In later years, I had also become allergic to perfumes and preservatives and emu oil is now one of my favorite products for the body. Finding new, all-natural options was very important to me, being personally driven to find  better alternatives. We met Bob and Sandra and, as they say, the rest is history.

We now have a genuine natural product range made from scratch and we know they are all of excellent quality, they are unique to us and handmade with love!

Great job Bob and Sandra!

~Bev~

See our All natural Range here.

#naturalproducts #kangarooisland #southaustralia #eucalyptusoil #emuoil #handmade

Mothers Day Gift Ideas Kangaroo Island

Have you got mum a gift yet?

At Emu Ridge we are making it easy for you to find your mum the perfect gift this Mother’s Day thanks to our wide range of gift ideas online. You’re sure to find something that will make your mum smile.

 

Gift Vouchers are always a great option to, you will find them on our online shop

We have a wide range of beautiful gift packs and boxes for sale in store and online. They are a unique Australian made gift for that special someone. We will also expertly tailor a gift to suit your  individual requirements,  full of excellent local produce. We provide customised  gift hampers as well. So if you have a special occasion for someone coming up and would like a gift basket and are not sure what to choose, we are here to help you with heaps of gift ideas. If you would like something delivered on Kangaroo Island we are happy to hand deliver your voucher or gift if it is within the Kingscote area. Otherwise we can arrange delivery for you at a small cost. All other orders are delivered by Australia Post.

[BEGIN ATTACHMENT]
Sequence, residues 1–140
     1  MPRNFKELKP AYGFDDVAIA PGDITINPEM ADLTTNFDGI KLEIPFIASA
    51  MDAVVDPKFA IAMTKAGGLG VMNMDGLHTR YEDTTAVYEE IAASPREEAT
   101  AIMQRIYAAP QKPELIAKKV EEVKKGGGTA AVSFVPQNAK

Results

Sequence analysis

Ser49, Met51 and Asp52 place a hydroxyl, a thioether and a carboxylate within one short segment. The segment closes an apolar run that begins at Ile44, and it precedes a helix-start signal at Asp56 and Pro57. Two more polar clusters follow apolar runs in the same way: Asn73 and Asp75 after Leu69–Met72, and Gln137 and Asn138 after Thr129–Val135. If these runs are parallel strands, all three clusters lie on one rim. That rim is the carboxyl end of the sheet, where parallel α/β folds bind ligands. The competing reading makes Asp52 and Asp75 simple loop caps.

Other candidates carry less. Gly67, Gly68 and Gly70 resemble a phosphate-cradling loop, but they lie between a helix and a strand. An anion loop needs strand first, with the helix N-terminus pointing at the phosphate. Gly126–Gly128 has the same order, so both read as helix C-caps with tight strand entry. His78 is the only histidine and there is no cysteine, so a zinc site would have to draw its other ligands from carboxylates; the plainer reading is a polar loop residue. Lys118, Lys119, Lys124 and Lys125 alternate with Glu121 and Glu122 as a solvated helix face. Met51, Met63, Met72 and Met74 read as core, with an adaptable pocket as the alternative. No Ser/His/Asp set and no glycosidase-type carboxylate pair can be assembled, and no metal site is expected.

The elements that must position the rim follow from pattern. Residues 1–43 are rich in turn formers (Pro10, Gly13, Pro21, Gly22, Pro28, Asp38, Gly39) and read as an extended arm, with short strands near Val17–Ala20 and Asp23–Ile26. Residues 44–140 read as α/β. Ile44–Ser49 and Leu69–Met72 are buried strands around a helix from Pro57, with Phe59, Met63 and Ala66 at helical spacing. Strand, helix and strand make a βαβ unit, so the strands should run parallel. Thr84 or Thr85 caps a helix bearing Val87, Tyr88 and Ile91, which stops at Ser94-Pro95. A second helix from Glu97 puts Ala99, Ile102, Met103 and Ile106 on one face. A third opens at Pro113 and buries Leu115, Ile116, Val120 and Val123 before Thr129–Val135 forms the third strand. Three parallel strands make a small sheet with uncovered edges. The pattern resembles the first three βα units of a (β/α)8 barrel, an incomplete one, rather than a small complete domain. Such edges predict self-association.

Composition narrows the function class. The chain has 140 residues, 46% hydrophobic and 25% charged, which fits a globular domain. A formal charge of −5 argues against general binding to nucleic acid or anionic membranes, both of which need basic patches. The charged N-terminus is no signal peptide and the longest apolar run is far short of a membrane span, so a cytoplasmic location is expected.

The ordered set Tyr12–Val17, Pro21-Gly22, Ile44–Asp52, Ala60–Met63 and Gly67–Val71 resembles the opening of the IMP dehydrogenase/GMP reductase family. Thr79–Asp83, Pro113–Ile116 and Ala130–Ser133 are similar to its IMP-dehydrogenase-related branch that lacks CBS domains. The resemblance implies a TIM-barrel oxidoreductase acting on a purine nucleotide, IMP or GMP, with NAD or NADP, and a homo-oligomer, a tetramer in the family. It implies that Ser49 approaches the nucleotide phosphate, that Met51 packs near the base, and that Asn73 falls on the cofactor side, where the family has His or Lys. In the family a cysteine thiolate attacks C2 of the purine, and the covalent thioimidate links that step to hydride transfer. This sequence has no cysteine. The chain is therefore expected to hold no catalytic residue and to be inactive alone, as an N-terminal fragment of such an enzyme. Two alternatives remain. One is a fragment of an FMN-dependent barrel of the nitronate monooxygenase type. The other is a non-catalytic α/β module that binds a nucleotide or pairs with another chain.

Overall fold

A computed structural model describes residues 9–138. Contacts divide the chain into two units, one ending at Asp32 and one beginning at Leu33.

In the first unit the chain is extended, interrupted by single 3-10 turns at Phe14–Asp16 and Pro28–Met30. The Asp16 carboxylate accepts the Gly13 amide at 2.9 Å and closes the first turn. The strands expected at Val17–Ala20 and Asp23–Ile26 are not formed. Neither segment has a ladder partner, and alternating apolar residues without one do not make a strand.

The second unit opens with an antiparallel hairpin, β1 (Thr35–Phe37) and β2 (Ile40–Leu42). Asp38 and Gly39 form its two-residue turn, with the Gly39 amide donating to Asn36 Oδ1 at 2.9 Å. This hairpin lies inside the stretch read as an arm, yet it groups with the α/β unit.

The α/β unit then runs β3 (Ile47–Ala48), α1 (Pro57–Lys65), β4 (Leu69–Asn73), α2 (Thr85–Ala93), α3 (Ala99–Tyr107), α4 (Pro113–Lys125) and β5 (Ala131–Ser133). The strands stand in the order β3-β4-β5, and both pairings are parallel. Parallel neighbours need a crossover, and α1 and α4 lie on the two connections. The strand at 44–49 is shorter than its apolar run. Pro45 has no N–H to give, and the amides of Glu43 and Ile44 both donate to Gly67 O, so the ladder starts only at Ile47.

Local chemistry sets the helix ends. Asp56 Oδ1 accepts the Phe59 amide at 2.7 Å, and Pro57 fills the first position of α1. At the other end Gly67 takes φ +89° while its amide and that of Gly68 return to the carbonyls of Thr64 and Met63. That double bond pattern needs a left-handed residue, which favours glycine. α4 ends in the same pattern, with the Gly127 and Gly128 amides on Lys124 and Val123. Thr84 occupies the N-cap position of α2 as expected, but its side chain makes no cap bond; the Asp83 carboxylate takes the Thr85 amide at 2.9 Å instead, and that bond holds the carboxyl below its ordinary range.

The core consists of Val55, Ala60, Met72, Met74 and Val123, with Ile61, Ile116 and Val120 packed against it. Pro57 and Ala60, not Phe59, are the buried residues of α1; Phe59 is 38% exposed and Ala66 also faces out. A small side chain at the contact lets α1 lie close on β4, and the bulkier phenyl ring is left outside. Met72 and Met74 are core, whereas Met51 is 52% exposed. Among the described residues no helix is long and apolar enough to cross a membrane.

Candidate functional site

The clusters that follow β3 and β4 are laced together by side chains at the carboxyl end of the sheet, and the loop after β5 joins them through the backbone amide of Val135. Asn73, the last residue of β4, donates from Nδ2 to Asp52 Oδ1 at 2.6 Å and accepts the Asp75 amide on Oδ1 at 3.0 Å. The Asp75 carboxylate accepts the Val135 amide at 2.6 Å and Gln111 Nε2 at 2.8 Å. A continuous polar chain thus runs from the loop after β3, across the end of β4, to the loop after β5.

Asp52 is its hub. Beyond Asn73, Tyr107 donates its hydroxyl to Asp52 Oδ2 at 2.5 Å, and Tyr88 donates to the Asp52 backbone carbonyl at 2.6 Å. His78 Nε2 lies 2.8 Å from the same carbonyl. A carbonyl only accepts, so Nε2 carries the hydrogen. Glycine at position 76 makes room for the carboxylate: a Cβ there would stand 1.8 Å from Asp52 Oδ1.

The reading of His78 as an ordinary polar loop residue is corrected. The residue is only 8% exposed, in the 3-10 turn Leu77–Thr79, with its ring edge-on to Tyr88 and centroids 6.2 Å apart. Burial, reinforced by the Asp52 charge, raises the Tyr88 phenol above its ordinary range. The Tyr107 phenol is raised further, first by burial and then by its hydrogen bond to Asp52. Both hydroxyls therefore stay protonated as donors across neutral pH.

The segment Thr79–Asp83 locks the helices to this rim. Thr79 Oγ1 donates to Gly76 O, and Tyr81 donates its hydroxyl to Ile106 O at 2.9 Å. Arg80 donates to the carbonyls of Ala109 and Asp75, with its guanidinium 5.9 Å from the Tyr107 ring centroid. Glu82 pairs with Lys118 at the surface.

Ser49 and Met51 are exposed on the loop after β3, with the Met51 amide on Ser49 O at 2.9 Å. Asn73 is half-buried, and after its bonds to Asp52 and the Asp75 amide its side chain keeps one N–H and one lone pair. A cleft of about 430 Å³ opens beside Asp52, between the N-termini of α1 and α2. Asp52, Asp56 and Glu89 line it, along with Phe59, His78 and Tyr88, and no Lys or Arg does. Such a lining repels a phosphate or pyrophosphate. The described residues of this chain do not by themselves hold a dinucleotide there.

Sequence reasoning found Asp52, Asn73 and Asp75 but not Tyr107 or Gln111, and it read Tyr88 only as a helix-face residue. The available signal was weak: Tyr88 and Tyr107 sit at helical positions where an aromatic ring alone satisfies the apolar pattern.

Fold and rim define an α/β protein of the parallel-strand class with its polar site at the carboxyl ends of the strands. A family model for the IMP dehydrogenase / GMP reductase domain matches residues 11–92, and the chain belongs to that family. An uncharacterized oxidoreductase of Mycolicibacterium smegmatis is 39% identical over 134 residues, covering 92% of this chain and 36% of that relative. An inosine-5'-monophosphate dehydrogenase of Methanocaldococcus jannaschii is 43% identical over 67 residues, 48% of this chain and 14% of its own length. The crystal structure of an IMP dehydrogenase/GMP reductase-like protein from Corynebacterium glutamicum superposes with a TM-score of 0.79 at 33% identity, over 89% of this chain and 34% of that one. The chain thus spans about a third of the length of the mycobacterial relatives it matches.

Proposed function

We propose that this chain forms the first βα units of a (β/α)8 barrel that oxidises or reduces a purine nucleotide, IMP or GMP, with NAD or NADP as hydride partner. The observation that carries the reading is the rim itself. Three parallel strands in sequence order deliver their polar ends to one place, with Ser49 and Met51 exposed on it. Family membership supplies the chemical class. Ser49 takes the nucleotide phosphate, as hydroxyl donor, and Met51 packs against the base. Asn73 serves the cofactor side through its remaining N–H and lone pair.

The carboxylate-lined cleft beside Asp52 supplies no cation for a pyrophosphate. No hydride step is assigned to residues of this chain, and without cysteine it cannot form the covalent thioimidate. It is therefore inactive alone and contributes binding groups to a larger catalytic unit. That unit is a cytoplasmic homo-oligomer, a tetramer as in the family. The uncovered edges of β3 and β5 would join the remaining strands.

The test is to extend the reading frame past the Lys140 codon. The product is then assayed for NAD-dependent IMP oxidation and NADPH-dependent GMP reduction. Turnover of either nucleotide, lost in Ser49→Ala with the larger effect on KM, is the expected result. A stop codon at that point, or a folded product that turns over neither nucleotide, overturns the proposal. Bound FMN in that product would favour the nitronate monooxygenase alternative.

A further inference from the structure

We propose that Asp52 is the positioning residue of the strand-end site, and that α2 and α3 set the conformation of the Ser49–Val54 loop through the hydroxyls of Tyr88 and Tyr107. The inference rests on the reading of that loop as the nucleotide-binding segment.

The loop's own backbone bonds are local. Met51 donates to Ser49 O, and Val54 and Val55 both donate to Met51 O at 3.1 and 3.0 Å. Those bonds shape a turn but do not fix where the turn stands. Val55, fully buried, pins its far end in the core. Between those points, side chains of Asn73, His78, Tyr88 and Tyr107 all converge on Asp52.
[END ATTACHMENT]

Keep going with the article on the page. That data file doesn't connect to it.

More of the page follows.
Below are some of our favorite products, but please feel free to browse the complete online shop here.

 

#mothersday #birthday #eucalyptus #mainebeach #gift  #wildbushland #australian #present

School Holiday Activities on Kangaroo Island

We like to be children friendly at Emu Ridge. Each school holidays we always organizes a range of activities for children to do while their parents have a browse around our shop. These include crosswords, word finds, making bath salts, colouring-in competitions and lots more! See below for some templates. Our kiddies corner is always popular, the little ones can enjoy toys, books, blackboards and more.P1040673